Male downy woodpecker (Picoides pubescens)

The male downy woodpecker is a dapper urban resident (iStock, used with permission)

Rushing out the door, I went over the list in my head. Workout pants and layered tees—check. Running shoes—check. Coat, hat, gloves—check. Keys and sunglasses—check. MP3 player—check. Everything was in order as I pulled out of the driveway.

Or so I thought.

Fifteen minutes later I pulled into a parking space at the Power Valley Conservation Nature Center, a 112-acre oasis in suburban St. Louis created by the Missouri Department of Conservation with hilly trails perfect for raising my heart rate for 30-40 minutes. But as I stepped out of the car and began to gather my gear I realized with dismay I’d left behind a critical component—my earbuds.

The thought of a run without my workout mix, and without any caffeine in my system either, was disheartening. I need the motivation of a musical pulse. But I didn’t have time to go back to the house so I set off anyway, prepared to suffer.

About 10 minutes later I realized I was running to a faint drumbeat. At first I thought someone who had NOT forgotten their audio equipment had the volume on their iPod turned up to 11. Once I realized the thumping came from the woods themselves, though, it wasn’t too long before I spotted the drummer, dressed more appropriately for jazz than heavy metal in the stylish black-and-white houndstooth jacket and jaunty red cap of a male downy woodpecker. In spite of the bird’s diminutive size—no more than 6” from head to tail-tip and weighing in at an ounce or less—his wardrobe set him apart on that overcast day from the slate-and-silver hickory bark backdrop.

Downy’s are capable of making a noise disproportionate to their size. When a woodpecker is looking for a mate or claiming a territory, the sound of drumming needs to carry; building a nursery cavity using a beak as a jackhammer isn’t quiet either. But if you’re in the woods and the beat is more bongo than bass, hunger is probably acting as the drummer’s muse. A gentle tap, tap, tap betrays hollow spots beneath the bark where wood-boring insect larvae wait.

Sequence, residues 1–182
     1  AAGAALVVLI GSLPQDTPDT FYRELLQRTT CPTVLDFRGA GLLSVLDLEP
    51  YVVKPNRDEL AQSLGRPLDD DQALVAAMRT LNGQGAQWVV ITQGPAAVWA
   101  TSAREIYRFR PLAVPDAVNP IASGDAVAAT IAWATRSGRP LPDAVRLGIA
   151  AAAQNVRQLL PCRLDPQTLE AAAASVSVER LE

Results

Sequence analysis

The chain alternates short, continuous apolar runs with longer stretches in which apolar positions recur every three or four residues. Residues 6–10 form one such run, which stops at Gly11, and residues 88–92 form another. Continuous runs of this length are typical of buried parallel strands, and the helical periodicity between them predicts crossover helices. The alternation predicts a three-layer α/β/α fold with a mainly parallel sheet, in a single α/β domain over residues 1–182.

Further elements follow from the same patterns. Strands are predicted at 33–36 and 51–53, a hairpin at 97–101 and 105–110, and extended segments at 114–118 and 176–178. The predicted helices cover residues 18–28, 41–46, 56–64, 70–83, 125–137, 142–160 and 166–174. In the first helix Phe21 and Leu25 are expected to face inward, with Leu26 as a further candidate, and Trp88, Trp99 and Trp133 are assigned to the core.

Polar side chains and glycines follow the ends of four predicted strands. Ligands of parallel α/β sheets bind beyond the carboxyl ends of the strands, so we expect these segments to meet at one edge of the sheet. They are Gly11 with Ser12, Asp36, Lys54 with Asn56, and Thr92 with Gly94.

drawing of a woodpecker's tongue

Woodpeckers can really stick out their tongues (Florida Center for Instructional Technology, used with permission)

Once dinner has been detected, things get… interesting. That short chisel of a beak hardly prepares you for what’s inside—like many other woodpeckers, the downy has a barbed, sticky, and flexible tongue so long it wraps around the skull when at rest. If ever there was a bird ready-made for rock ‘n roll, it’s the woodpecker. Gene Simmons got nothin’ on these headbangers.

The whole tone of my morning changed in an instant. It’s so easy to carry a personal soundtrack wherever I go that I forget about everything I normally tune out when I turn up the volume. As a result of my oversight, I suddenly had a standing-room-only ticket to a great live performance, one I would surely have missed had this excursion proceeded according to plan.  My run could wait. I stayed for several encores and gave that downy an enthusiastic round of applause as he flew off toward his next gig.

[This post was originally published in January 2011. Hope to have a new installment ready for prime-time soon.]

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